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Poll fever down, tension rises

After exit polls, some politicians in the four states were optimistic, others were apprehensive and a few were in denial on Tuesday.

india Updated: Dec 03, 2003 14:28 IST

On Monday, the exit polls had provided the fodder. And having had the night to think things over, India's political animals went about chewing the cud on Tuesday. Some were optimistic, others were apprehensive — and a few were in denial.

Despite the polls showing a winning lead for the BJP in Madhya Pradesh, Chief Minister Digvijay Singh seemed confident of victory. He invited journalists to come and watch the counting live with him on December 4.

Digvijay's assured attitude had takers in the Congress headquarters in New Delhi. After all, they argued, his record in predicting election results in MP was better than that of pollsters.

In 1998, Digvijay had insisted he would win, though every survey had written him off. This time, they said, the tacit agreement between the Congress and the BSP would work in the Raja’s favour.

But Uma Bharti and her backers were confident as well. Party insiders said the BJP had an excellent chance of forming governments in both Rajasthan and Madhya Pradesh. Which is why the sanyasin was off to Tirupati and Udipi on a thanksgiving trip, while Vasundhara Raje went about thanking all those who worked for her in Rajasthan.

The mood in the BJP camp in Rajasthan was optimistic. The possibility of a hung assembly wasn't bothering party leaders. At the BJP's headquarters, a senior leader said, "We are not worried about a close result. We can count on the support of the Indian National Lok Dal and many candidates contesting as rebels."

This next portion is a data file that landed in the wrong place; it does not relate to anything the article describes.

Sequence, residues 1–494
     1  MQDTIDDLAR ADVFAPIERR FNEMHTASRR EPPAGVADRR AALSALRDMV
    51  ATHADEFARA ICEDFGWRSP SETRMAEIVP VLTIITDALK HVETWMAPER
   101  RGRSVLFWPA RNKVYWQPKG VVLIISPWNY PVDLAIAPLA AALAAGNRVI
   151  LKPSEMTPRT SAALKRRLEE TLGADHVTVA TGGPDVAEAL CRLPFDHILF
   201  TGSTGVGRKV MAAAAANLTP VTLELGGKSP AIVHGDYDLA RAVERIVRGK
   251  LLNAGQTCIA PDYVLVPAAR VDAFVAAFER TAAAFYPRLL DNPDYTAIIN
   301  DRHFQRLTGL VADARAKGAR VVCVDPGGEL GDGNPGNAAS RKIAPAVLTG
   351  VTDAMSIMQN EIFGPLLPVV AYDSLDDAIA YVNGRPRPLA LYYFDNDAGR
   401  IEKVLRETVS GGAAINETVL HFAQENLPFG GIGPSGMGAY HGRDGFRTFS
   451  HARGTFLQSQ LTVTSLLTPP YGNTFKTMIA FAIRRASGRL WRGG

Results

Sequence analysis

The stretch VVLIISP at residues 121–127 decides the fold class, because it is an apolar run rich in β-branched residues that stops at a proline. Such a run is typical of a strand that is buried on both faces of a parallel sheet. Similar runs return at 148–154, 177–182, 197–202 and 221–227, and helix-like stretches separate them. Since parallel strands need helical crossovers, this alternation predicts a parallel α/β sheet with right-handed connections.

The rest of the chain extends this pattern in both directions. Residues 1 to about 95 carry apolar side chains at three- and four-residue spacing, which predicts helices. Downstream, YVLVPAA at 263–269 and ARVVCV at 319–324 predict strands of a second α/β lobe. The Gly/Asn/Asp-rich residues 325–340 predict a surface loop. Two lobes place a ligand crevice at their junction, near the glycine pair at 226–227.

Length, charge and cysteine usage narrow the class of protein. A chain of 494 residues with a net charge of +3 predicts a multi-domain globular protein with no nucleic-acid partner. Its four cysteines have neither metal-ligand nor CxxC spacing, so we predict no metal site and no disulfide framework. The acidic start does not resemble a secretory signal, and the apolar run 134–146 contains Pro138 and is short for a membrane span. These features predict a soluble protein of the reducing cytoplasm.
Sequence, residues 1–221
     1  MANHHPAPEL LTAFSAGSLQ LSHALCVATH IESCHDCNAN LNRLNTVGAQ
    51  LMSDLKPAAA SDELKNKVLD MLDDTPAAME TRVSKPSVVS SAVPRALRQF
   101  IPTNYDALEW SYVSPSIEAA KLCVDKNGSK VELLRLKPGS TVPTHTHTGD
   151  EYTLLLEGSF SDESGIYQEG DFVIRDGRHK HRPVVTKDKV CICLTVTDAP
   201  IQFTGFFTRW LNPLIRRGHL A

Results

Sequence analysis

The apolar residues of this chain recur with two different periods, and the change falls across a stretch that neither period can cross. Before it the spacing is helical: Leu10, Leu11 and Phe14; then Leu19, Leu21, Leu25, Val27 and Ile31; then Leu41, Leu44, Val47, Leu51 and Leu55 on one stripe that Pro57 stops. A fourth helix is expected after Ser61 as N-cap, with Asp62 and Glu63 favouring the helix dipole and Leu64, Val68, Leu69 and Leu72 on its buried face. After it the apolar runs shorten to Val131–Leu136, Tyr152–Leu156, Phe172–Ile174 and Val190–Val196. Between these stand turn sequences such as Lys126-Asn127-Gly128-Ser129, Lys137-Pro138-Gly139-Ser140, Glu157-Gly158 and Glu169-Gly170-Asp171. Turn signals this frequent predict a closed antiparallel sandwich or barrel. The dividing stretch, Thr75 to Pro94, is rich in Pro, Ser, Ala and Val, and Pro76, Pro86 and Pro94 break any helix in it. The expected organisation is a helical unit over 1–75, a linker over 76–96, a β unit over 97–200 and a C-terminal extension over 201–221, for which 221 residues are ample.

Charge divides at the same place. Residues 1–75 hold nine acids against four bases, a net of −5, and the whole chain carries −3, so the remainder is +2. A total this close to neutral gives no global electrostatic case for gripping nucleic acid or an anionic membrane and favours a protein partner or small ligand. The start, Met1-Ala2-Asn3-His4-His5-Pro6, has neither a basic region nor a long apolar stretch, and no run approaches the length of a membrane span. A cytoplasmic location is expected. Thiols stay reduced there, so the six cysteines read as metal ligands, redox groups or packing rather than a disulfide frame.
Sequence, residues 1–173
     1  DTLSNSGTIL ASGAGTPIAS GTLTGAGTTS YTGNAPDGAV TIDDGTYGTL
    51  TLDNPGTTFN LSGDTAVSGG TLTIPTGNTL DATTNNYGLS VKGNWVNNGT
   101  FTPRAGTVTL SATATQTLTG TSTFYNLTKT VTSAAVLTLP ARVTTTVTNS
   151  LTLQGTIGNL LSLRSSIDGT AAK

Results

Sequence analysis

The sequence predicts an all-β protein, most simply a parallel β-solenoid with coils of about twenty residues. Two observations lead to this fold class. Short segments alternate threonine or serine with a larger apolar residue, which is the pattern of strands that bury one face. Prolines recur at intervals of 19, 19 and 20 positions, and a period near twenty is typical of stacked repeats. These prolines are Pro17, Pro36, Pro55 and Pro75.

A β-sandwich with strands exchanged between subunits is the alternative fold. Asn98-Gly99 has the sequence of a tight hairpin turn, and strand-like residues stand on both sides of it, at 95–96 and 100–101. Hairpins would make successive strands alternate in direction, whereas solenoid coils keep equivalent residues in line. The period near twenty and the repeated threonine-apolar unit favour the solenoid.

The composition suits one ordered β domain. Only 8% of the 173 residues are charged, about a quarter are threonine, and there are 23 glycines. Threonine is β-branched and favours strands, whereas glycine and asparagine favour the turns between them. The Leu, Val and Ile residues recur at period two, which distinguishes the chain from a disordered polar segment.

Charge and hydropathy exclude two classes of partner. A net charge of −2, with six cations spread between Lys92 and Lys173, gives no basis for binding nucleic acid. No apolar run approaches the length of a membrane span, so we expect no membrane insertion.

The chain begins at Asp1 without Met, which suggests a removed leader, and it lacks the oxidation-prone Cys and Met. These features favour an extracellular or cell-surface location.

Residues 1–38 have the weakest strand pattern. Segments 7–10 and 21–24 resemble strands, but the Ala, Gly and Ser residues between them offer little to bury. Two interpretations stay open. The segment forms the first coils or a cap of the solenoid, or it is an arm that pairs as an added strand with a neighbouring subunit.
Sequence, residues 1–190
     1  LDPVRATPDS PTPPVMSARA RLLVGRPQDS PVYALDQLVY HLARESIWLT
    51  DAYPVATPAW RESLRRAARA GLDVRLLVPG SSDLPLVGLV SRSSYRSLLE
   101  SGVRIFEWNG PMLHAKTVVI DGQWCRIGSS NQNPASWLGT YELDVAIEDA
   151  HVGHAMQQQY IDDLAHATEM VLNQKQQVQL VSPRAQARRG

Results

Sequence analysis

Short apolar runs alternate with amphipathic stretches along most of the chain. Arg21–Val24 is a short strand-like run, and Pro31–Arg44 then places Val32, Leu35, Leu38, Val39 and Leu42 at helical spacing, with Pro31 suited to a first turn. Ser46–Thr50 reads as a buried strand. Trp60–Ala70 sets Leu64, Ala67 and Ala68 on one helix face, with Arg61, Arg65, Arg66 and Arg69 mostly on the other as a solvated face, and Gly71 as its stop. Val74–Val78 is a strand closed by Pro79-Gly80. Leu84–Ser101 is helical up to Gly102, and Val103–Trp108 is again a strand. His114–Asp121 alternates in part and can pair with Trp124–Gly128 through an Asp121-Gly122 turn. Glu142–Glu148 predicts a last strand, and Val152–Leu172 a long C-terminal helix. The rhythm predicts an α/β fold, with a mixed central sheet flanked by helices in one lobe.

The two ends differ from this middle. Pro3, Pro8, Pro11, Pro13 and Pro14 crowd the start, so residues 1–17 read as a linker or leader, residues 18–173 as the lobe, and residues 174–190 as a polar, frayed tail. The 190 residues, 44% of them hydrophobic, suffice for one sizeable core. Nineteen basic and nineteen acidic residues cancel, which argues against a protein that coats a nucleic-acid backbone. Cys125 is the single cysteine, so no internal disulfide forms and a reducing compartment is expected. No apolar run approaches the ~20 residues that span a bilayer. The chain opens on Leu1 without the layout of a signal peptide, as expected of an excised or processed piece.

There was a sense of unease in the Congress camp, however. Chief Minister Ashok Gehlot, who returned from Jodhpur on Tuesday, appeared distinctly tense, though he told journalists that his party was on track for a second term.

The jitters were evident in the Congress camp in Chhattisgarh as well. There was a pall of gloom in Chief Minister Ajit Jogi's house in Bilaspur as the exit poll results came in. On Tuesday, he returned to Raipur, getting bad news from across the state. For public consumption, however, he wasn't buying the exit polls. "Don't worry, we will form the government," he told supporters.

In contrast, former Union minister Dilip Singh Judeo appeared relaxed at his ancestral home in Jashpur.

With the results almost a foregone conclusion in Delhi, Chief Minister Sheila Dikshit too had reasons to relax. And she did, lunching at a five-star hotel and later going for a film.

Her rival Madan Lal Khurana had a quiet day, but he continued to tell those who met him that his party was sure to win.

Hope lives.

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MORALE STUDIES

•Written off by pollsters (like after the last elections in Madhya Pradesh), Digvijay Singh says he will still win a third term

• In denial, ML Khurana refuses to believe any unfriendly predictions. Maintains Dec 4 will belong to the BJP in Delhi

• Locked in a tight battle with the BJP in Rajasthan, a jittery Ashok Gehlot is putting up a brave front. Says Congress will win

• Favourable exit polls for Chhattisgarh have given a boost to Dilip Singh Judeo. His son is also back from police custody

First Published: Dec 03, 2003 00:42 IST